CHAMBERSBURG, Pa. —Investigators probing the 1995 disappearance of a Waynesboro, Pa., teenager knew of Jeffrey E. Miles Sr. before his alleged confession 15 years later to her bludgeoning death, a state police trooper testified in court Monday.
“I was notified by two sources his name had come up in a missing-person report,” Pennsylvania State Police Trooper Aaron B. Martin said.
Franklin County (Pa.) Court of Common Pleas Judge Carol Van Horn presided over Monday’s preliminary hearing for Miles, 49, on a criminal homicide charge. State police allege Miles beat 17-year-old Angie Lynn Daley with a board in 1995.
Police discovered Daley’s skeletal remains on April 6, 2010, the same day they found a body in Waynesboro, Pa., woods. Miles, of State Line, Pa., is being prosecuted separately in that case, which involves the stabbing death of Kristy Dawn Hoke of Hagerstown.
Prosecutors are seeking the death penalty in the Hoke case.
On Monday, Martin and Franklin County Coroner Jeffrey R. Conner testified about evidence in the Daley case as Van Horn decided whether the criminal charge should remain in place. She ruled the case should continue through the judicial system.
Martin said Miles guided him to the spot where Daley’s remains were found on a farm between Washington and Antrim townships in southern Franklin County. Martin said they stopped first at the state police barrack, and shortly before they did, someone told him of a possible connection to Daley.
“He was mentioned, I believe, in a missing-person report generated by the Waynesboro Police Department,” Martin said.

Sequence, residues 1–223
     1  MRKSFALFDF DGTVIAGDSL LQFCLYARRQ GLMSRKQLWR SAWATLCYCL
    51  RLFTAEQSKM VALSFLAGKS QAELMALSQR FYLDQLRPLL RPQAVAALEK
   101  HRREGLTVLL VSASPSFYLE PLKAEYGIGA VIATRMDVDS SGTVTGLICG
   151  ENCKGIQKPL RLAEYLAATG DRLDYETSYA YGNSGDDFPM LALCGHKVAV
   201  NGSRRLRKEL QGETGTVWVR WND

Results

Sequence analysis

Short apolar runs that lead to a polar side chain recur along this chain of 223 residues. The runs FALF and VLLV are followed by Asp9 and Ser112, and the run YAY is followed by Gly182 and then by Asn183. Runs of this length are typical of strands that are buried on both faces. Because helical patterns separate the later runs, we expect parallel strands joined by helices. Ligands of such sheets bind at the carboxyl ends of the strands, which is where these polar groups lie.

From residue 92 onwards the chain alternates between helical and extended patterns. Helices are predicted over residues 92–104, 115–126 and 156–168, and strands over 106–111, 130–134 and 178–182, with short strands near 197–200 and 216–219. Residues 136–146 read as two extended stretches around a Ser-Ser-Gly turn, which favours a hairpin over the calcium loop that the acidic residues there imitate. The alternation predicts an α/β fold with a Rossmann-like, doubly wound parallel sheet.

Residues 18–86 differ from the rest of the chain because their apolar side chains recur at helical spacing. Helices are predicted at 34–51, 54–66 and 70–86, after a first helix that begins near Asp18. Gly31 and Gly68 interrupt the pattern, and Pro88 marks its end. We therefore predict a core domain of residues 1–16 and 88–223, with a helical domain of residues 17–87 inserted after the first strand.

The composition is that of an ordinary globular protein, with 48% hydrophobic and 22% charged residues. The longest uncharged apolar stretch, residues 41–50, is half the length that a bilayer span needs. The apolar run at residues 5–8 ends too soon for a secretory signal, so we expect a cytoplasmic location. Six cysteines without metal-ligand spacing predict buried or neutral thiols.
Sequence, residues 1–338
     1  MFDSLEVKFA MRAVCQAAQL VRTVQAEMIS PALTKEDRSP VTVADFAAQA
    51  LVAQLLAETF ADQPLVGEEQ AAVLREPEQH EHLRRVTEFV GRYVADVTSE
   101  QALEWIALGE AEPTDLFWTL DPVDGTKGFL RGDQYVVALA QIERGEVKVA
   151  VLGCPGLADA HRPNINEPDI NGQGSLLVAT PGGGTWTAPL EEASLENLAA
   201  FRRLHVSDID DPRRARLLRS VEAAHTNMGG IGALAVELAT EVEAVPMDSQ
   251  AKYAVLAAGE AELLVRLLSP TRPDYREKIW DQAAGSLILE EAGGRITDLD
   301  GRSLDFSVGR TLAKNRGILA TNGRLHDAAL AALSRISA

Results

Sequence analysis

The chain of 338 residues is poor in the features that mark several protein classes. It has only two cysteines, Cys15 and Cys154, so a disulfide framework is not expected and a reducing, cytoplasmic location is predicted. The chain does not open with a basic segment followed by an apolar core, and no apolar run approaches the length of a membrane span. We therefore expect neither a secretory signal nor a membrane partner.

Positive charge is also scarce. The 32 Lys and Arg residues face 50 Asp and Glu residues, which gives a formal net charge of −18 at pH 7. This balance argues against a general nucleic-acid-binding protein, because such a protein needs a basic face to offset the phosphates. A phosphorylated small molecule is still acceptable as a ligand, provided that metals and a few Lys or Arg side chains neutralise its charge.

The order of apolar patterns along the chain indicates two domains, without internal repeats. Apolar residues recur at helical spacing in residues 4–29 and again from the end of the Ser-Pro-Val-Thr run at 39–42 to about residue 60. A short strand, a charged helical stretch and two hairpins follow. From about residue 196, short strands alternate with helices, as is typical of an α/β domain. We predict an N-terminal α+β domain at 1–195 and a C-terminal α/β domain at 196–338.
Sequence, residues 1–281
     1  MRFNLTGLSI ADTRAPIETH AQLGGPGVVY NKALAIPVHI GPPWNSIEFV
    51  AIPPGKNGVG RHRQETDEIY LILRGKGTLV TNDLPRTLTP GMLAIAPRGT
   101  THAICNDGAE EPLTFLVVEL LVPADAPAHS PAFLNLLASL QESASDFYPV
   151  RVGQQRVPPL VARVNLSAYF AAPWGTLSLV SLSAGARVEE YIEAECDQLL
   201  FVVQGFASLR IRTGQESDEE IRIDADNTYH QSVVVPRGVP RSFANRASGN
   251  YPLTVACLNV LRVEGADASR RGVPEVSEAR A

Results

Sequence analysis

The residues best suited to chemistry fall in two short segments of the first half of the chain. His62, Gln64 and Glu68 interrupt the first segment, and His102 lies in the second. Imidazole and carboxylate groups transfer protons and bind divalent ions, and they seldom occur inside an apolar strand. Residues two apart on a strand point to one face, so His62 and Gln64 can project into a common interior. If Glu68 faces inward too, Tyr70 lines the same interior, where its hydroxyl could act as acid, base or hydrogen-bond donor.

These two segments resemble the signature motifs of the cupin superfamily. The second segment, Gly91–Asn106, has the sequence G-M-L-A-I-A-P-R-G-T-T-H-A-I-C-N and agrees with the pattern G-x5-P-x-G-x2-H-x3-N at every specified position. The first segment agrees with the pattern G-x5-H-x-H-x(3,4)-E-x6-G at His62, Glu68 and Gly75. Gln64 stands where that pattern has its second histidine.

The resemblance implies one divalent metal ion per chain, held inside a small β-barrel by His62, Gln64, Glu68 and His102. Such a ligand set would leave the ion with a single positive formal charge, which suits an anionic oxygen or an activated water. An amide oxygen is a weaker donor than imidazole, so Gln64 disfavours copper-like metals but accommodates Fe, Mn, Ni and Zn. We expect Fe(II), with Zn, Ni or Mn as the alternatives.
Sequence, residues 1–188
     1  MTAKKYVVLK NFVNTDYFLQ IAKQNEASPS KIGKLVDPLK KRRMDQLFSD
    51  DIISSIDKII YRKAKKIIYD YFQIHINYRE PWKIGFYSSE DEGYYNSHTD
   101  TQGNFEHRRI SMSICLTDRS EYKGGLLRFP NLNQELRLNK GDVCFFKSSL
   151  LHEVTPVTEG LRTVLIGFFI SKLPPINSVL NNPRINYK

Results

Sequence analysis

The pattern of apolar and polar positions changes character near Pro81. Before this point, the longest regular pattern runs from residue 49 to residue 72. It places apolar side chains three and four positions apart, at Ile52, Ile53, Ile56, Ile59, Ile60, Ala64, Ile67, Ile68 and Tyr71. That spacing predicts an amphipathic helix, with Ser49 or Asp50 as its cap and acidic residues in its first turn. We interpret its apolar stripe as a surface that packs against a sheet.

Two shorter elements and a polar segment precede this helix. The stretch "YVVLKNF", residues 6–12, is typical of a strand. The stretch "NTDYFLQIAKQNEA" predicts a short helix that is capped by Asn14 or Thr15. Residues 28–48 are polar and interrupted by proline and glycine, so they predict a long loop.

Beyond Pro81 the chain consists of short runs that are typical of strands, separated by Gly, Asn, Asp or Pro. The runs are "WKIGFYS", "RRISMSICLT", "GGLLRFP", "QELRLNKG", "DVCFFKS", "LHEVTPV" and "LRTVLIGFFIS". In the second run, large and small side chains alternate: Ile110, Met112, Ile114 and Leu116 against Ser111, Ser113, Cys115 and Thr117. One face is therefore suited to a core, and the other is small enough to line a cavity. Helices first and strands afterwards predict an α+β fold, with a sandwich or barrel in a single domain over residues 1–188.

Daley’s father dropped her off at a friend’s house Aug. 24, 1995. Her family never saw her again, but waited a couple of weeks before reporting her missing because she was known to stay out for a few days at a time, once hitching a ride across the country.
Conner said in court that a single tooth filling served as the first identification for Daley’s remains, which later underwent DNA testing.
Miles’ court-appointed attorney argued against a body being positively identified from one filling. In his arguments, Eric Weisbrod discussed the legal aspects of using DNA in an investigation.
“We don’t believe that is sufficient probable cause to bound this case over (for trial) as a criminal homicide case,” Weisbrod said.
Assistant District Attorney David Drumheller countered that Miles was shown a picture of Daley and allegedly described how he killed her.
“These things, your honor, all lead to the identity” of the remains, Drumheller said.
Miles allegedly told police he was smoking crack with Daley when he hit her with a 2-by-4. Police allege Miles put her in the trunk of a vehicle, drove her to the farm and hit her again twice when she asked that he not kill her. Investigators said those blows were fatal.
Miles removed most of Daley’s clothes and left her facedown but not buried, police allege.
Martin told the judge about how the discovery of the skeletal remains occurred in April 2010.
“He told me not to lose this (opportunity) and he could take me to her now. ... He directed us there from memory,” Martin said.
Miles’ case will be scheduled for mandatory arraignment. He is expected to go to trial in the Hoke case in February 2013.